Many of the most spectacular pieces of art created by famed San Francisco jeweler Sidney Mobell—a longtime Mills-Peninsula Hospital Foundation supporter—are now part of the permanent collection at the Smithsonian National Museum of Natural History. From the world’s most expensive Monopoly set—valued at $2 million in 1988—to a solid gold sardine can encrusted with diamonds, Sidney gained international fame for turning everyday items into golden masterpieces. He was regularly featured on the Tonight Show Starring Johnny Carson and Lifestyles of the Rich and Famous with Robin Leach, showing off backgammon and chess sets in solid gold, jeweled yoyos and belt buckles, and even a gold and bejeweled toilet seat. Perhaps his most commercially successful design, the diamond hourglass pendant, was the inspiration of his late wife, Ronni. “One day while making soft-boiled eggs, she challenged me to make something a lady can wear, and held up the three-minute egg timer she was using as an example,” Sidney recalls. “The finished design was a hand-blown hourglass-shaped glass tube filled with 200 diamonds instead of sand, weighing one carat total.”
The glass tube was made by a local Bay Area medical test tube manufacturer. Ronni got the first diamond hourglass necklace produced and Johnny Carson bought the second. Sidney also made one for Christina Onassis, and Hilary Clinton later purchased one from his store in San Francisco’s Fairmont hotel. The design has been sold exclusively through the Smithsonian catalogue for many years.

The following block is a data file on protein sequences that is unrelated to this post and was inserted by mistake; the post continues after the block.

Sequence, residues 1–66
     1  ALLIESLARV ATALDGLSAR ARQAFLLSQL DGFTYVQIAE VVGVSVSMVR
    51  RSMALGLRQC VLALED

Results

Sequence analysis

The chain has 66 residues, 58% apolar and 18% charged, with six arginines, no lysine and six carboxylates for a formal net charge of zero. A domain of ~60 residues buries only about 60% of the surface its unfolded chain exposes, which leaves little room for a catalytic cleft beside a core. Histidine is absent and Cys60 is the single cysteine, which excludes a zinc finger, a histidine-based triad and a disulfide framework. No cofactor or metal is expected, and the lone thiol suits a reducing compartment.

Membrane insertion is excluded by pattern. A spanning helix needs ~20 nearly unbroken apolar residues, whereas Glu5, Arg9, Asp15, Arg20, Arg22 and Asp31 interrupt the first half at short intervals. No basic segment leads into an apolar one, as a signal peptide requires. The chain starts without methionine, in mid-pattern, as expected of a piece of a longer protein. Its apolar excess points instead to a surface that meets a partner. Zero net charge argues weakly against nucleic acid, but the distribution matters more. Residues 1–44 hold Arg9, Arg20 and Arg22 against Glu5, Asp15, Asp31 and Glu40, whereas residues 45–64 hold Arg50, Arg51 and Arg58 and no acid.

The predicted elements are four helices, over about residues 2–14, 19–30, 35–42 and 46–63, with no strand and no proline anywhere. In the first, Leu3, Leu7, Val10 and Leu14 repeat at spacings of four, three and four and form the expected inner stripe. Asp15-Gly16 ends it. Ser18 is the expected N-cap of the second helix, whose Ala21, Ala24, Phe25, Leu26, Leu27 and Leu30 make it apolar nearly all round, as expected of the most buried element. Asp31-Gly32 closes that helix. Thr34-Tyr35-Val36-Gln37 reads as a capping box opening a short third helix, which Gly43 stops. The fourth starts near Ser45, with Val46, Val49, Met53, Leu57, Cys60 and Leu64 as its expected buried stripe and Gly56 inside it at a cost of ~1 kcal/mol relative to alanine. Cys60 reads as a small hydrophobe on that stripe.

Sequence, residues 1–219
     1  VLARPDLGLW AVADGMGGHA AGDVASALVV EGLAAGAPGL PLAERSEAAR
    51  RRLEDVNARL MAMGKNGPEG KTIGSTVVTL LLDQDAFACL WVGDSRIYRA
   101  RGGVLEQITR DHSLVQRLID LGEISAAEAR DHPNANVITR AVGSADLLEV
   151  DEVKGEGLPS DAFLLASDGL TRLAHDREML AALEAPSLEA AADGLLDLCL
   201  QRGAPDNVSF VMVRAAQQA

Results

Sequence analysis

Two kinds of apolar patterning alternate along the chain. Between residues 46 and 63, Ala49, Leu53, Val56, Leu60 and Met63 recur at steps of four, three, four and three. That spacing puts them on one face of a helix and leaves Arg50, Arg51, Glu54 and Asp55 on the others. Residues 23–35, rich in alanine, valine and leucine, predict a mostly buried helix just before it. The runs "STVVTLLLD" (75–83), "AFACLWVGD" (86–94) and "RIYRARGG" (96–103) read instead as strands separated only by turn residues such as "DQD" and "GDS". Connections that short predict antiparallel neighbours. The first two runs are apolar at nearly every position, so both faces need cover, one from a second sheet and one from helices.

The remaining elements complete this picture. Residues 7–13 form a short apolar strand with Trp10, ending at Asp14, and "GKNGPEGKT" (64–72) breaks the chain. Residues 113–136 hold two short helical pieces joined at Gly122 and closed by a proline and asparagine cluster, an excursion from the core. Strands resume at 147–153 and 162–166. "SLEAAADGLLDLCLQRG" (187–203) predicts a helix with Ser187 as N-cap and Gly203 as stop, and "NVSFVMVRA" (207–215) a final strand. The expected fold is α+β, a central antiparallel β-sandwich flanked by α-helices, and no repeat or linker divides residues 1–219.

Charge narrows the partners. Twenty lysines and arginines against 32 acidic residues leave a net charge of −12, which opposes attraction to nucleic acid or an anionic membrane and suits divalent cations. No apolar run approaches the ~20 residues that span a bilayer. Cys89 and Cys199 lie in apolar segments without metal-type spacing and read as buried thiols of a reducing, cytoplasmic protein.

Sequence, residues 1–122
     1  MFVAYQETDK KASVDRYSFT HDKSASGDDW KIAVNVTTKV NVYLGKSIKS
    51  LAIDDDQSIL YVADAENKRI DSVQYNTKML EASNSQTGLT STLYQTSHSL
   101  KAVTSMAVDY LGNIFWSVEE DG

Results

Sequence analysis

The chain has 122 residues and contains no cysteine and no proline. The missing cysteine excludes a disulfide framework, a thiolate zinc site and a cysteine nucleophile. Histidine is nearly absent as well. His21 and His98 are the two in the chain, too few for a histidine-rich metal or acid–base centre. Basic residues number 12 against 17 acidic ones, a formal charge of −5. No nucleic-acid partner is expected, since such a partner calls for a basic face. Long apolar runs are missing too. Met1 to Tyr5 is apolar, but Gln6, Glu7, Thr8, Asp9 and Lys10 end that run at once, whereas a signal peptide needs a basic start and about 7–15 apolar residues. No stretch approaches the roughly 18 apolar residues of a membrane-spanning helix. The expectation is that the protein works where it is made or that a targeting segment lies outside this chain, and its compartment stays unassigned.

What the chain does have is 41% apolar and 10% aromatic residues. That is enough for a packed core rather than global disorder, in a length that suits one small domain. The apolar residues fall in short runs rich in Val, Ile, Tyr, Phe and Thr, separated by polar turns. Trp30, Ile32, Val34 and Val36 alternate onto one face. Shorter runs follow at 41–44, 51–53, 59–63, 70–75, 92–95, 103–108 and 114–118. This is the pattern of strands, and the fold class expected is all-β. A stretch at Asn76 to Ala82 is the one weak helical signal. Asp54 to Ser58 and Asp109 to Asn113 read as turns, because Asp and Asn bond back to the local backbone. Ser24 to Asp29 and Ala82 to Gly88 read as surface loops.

Sidney, now 95 and living in Hillsborough, knew early on that he had an eye for design and art, eventually turning a career that started as a traveling salesman into his eponymous house of jewelry design.
“It took me a long time to make my mark, because as a successful traveling salesman, my competitors blocked me from offering any of the big brands,” Sidney explains.
His jewelry career took off in the 1960s, when Sidney used his degree in art to design the most expensive Mickey Mouse watch on the market at the time, selling for $450. That item caught the attention of iconic San Francisco writer Herb Caen, who mentioned it in his San Francisco Chronicle column.
“When I got a call from the Disney lawyers in Anaheim, I thought for sure they were going to sue me for copyright infringement, but they asked me to make one of the watches for Walt Disney’s brother Roy,” Sidney says gleefully. From that experience, he knew he had found his niche. Sidney eventually operated two stores in San Francisco, a flagship store on Post Street and a second inside the Fairmont, before selling them to Shreve & Co. jewelers in 1996.
Setting Down Roots in Hillsborough
Sidney recalls that he met Ronni through a setup. Back in the 1950s, one of his Burlingame jewelry store clients arranged to have him visit the store when she would also be there. Ronni, a recent USC graduate, was home visiting her parents. The arranged meeting worked and a year later, Sidney and Ronni were married.
Sidney then spent several years working for a company that was based on the East Coast. At one point, the company asked him to move to New Jersey, to eventually take over the business from the current owner. The move didn’t last long. “I did exceedingly well, but internal family dynamics at the company forced me to leave the job after just nine months,” Sidney says.